An almost-full moon plays peek-a-boo behind mackerel-sky clouds at 0515 when I set off from home. An hour later I pull onto the side of the road near Weverton Cliffs to await Kate Abbott's arrival. We leave her car there and I drive us to Zittlestown. At 7am our journey commences, past the Old South Mountain Inn onto the gravel path to the Appalachian Trail. At the Taj Mahal of latrines we pause, then run and walk happily and uneventfully along the JFK 50 Miler course. Today's "area fam" exercise is my contribution to Kate's first ultramarathon—as if I need an excuse to go trail running with a nice friend! We get lost only once, for ~20 minutes, when we prematurely turn off the narrow, steeply climbing road to Lambs Knoll and the FAA/antenna facilities. I mistakenly lead Kate up a rugged track to a deer-hunter's blind at a dead end in the woods. We retrace our steps and are soon back on course. No harm done!
Less than 2 hours after starting we begin to hear traffic noises and know Gathland Gap is near. We meet a pair of runners from the Frederick Steeplechasers who are just commencing their own JFK prep session and who invite us to join them on future group runs. We descend into the Gap, where a cheerful road crew is setting up traffic cones. Both soda machines reject my money (one condescends to eat a quarter) but at least the water tap and restrooms here are functional. Onward we go, sucking down energy gels, walking the hills and rocky zones, chatting, greeting a few hikers out this late-season weekday morning, and simply enjoying the day.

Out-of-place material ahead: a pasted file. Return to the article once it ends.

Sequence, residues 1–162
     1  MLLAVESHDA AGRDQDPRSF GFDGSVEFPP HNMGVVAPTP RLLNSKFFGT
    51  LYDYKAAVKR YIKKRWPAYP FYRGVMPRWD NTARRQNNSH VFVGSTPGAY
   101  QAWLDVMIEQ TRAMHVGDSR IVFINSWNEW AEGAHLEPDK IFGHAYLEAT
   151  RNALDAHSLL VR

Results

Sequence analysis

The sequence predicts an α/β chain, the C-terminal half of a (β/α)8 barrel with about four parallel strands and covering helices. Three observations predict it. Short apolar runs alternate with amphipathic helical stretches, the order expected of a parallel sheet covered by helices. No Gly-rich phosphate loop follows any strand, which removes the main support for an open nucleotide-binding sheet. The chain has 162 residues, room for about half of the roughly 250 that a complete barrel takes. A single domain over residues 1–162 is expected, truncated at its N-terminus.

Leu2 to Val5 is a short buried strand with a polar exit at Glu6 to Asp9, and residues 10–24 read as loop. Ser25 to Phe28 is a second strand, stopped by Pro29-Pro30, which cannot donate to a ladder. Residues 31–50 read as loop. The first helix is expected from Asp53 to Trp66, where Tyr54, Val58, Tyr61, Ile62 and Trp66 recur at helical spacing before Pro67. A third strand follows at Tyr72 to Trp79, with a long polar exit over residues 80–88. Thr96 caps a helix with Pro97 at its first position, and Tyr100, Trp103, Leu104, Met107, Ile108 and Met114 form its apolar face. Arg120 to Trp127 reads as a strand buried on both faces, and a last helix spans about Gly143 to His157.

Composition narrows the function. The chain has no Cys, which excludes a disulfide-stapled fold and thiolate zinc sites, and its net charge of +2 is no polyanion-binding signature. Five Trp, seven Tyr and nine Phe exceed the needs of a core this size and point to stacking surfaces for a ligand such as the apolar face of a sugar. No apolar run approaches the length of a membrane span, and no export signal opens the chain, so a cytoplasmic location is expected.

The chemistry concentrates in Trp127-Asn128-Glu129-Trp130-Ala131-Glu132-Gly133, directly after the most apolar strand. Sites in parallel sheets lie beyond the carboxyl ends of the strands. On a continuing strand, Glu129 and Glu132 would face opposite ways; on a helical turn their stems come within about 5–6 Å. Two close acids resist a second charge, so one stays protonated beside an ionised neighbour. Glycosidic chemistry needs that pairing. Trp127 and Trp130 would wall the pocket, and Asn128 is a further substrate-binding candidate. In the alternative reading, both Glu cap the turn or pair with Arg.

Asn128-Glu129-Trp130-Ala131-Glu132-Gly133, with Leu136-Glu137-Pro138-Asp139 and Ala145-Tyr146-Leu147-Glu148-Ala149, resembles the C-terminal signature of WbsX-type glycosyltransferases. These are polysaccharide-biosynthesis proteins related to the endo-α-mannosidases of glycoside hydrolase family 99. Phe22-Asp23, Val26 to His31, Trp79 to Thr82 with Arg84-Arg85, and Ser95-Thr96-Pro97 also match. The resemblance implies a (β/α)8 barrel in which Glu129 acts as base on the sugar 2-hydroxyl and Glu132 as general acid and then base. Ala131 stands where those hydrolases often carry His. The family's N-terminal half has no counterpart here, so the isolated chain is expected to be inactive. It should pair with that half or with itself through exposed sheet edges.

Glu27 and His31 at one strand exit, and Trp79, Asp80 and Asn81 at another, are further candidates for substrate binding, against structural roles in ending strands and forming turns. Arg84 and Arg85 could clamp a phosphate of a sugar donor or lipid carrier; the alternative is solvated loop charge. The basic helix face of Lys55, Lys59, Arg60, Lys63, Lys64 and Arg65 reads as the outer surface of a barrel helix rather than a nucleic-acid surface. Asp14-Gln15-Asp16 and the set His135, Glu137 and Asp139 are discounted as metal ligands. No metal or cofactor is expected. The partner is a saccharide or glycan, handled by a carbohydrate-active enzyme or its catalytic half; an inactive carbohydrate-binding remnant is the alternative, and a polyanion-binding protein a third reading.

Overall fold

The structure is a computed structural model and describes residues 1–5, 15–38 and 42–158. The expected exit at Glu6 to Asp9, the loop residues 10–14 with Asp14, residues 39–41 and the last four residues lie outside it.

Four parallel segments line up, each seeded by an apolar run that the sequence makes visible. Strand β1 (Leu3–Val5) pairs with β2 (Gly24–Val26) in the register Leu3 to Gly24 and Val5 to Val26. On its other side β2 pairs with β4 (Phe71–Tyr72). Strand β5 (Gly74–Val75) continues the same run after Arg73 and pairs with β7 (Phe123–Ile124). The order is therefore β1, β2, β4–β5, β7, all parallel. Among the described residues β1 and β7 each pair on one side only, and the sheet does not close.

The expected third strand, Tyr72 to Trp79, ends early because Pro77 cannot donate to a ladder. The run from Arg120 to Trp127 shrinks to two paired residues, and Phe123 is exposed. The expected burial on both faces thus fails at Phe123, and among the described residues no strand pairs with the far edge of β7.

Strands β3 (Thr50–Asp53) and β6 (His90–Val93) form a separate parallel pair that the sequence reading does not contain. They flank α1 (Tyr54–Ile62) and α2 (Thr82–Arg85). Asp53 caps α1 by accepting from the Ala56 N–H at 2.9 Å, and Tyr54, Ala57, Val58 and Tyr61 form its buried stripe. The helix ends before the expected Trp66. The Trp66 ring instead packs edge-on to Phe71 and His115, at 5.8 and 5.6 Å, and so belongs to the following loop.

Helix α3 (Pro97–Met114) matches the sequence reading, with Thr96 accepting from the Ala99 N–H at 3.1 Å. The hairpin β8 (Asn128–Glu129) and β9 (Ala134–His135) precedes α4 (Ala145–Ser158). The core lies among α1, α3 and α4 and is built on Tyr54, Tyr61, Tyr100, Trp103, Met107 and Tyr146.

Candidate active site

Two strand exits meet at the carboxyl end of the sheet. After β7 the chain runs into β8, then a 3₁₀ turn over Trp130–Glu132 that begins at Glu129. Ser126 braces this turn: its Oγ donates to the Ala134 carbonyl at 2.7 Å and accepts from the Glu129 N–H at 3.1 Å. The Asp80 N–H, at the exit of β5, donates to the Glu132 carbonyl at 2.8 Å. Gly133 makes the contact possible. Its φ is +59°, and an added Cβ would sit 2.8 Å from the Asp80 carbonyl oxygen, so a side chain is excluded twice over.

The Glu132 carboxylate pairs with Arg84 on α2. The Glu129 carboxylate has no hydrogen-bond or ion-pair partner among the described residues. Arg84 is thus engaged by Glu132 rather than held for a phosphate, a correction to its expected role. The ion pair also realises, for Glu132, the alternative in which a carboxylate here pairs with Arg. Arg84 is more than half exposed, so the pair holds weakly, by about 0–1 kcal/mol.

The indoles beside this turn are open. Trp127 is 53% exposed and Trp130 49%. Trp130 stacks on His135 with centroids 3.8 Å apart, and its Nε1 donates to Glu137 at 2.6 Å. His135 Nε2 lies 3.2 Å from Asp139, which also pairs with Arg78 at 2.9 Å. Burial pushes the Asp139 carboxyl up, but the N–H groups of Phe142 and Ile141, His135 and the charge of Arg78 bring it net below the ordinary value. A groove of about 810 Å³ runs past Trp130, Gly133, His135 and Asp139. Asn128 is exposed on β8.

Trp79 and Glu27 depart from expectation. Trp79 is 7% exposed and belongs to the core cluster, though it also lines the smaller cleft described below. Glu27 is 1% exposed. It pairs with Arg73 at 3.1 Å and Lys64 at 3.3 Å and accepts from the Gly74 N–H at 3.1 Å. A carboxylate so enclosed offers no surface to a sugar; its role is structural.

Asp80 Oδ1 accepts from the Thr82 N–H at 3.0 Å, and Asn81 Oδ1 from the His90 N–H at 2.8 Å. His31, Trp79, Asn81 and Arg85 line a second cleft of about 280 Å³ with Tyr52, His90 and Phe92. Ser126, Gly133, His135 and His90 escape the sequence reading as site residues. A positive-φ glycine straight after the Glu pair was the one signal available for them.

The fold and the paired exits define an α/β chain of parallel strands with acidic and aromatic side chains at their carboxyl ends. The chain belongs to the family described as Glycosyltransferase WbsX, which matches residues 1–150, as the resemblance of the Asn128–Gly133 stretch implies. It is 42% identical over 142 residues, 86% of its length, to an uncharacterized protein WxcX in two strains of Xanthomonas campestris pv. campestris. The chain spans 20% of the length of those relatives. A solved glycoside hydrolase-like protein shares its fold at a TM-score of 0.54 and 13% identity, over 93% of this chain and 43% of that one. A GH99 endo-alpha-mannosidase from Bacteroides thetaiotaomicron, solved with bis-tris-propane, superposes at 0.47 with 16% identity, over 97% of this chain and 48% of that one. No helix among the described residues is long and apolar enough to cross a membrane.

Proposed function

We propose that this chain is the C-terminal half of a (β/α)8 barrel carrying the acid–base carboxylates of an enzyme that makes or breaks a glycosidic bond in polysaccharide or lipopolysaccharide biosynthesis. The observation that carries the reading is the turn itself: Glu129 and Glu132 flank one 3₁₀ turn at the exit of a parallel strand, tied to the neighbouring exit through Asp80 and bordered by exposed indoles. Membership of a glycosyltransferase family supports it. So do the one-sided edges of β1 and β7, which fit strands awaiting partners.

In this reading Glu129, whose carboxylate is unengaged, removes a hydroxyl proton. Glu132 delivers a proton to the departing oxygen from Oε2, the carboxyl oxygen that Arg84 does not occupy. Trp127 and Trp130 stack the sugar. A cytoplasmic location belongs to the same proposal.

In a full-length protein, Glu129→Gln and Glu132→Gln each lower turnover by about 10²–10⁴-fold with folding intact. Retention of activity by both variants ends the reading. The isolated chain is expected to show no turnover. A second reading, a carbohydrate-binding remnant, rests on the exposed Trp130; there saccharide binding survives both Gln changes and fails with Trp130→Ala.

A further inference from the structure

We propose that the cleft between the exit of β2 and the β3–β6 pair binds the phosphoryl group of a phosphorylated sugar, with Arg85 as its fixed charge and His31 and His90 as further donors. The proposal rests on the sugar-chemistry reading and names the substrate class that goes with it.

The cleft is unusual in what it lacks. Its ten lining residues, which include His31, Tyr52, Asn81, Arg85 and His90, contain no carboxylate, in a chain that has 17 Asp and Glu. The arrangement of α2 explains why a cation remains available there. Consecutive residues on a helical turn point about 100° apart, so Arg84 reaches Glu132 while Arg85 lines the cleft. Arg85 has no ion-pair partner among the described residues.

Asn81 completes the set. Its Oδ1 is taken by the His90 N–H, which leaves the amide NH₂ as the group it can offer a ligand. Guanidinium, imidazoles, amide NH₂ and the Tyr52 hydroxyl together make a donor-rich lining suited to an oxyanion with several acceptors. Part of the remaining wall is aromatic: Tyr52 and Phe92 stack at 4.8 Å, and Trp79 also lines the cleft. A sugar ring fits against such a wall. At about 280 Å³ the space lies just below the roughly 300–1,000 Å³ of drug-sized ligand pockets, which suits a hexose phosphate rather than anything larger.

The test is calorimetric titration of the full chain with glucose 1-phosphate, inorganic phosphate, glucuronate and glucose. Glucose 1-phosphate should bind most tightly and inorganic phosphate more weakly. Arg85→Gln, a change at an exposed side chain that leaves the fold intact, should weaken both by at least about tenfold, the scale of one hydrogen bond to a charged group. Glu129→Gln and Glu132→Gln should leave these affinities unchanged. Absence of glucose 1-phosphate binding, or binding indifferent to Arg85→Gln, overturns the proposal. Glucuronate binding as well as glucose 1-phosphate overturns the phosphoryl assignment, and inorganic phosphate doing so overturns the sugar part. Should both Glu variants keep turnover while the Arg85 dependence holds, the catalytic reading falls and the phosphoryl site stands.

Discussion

After a dozen splendidly uneventful miles, a near-disaster: I come a cropper and break my left arm. Oopsies! Cool-headed Kate keeps an eye on me down the 14 switchbacks of Weverton Cliffs and we reach her car a mile later without further mishap. Our overall time-on-trail is a bit under 4 hours including all stops. My shoulder only twinges when I move it.
I phone my health-care provider, Kaiser Permanente, and as usual the people there are extraordinarily helpful. Soon my arm is in a protective sling and I'm resting comfortably at home. The orthopedist confirms two days later that I've got a fractured humerus, more broken-up than I could see on the x-rays—shattered bits on the outside, the inside, and the "surgical neck" of the bone. It's not too bad, no surgery needed—but no typing with my left hand, no driving, etc. I must keep the arm in the sling and do the gentle exercises the doctor showed me to maintain range of motion, then return in 2 weeks to gauge the status of the healing. Could have been a lot worse!